George Aged 3 ½ Reviews: The Moon by Gemma McMullen – BookLife – Non-fiction Book of The Week

George Aged 3 ½ Reviews: The Moon by Gemma McMullen – BookLife – Non-fiction Book of The Week BLOG Monday 4th November 2019


“The Moon” by Gemma McMullen and published by BookLife is this week’s NON_FICTION Book Of The Week.

The moon highlights our wonderful night sky. It fascinates us all and there is a great deal to learn about it,

The Moon book in The Solar System is an excellent introduction to a very extensive and fascinating subject. George loves the photographs in the book which kept him interested and engaged for a long time.

The other three grandchildren, all at school found all 24 pages of words and photographs so interesting and informative.

But enough of my thoughts. Let’s see what George thinks,





Welcome to my world. Won’t you come on in?

George here. And it is my turn to review the Non-Fiction Book of The Week and it is a brilliantly tremendous book as usual.

The book is “The Moon” by Gemma McMullen and published by BookLife.

The book is aimed at children with a slightly higher age range than me of 5-8+ years. Those like Cousin Ewan and Cousin Rory and Sister Freya who are at school.

That don’t bother me none. For a start I am 3½ years old this week. That’s lots older than 3 years old. All my clothes are for 6 and upwards including my shirts, trousers, coats and pants.

But most of all I love the pictures and photographs in this Moon book, and I love Grandad to talk to me about them.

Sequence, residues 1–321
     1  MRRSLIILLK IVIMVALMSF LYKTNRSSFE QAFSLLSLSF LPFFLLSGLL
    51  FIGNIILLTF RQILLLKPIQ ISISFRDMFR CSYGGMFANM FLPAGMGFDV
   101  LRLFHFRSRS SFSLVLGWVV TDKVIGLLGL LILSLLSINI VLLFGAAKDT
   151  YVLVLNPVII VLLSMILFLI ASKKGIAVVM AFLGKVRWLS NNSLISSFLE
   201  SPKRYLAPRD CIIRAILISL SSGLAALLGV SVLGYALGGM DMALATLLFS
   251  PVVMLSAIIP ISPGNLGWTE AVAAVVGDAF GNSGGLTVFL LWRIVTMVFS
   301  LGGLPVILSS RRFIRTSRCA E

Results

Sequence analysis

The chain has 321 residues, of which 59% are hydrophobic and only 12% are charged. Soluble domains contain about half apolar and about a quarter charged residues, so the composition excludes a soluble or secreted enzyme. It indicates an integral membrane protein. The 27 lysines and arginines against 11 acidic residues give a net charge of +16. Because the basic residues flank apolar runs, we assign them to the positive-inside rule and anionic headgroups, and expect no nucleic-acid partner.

The moon and stars have always mesmerised me since I was a baby.  The moon gives us light at night. As the cover of the book shows and the first inside pages.

On page 4 and 5 we see a picture showing the Solar System, which is the 8 planets that orbit the sun, one being our home, the earth. The moon, in turn, orbits earth,

The picture of the solar System shows 8 different coloured balls, being the planets plus an extra one which is the moon. Although they look like balls I play with, I can’t see a football, a tennis ball or a golf ball. From this picture I can see they are all round, globelike. There is not one the shape of a rugby ball.

The book tells us that the moon is a ball of rock and is grey in colour. I wouldn’t like to have to catch that if anyone threw it at me. It is smaller than earth, a quarter of its size. I didn’t understand that, but Grandad showed me the picture on page 8 and I could see the difference in sizes.

On Page 8 of the book it says it takes 28 days for the moon to orbit the earth. That is 28 sleeps. From today there are 52 sleeps until Christmas Day so the moon will orbit the earth almost twice between now and Christmas Day.

On page 11 I learnt a very basic fact. I thought it was someone’s job to turn on the moon every night for it to shine on me. But according to Page11 “The moon does not give out its own light. It appears bright because the light of the Sun shines on it then bounces down to Earth.”

Wow, that’s amazing. Whoever invented that knew what they were doing.

Fifty years ago, in 1969 a man named Neil Armstrong walked on the Moon. He was the first man to walk on the moon. There is a fantastic photograph of him doing so on Page 18. Grandad is so old he was around when that happened, and he kept that day’s newspaper but the photograph in this book is far better than the newspaper’s front-page photograph. The newspaper like Grandad has not aged well, but the book is all new and good just like me.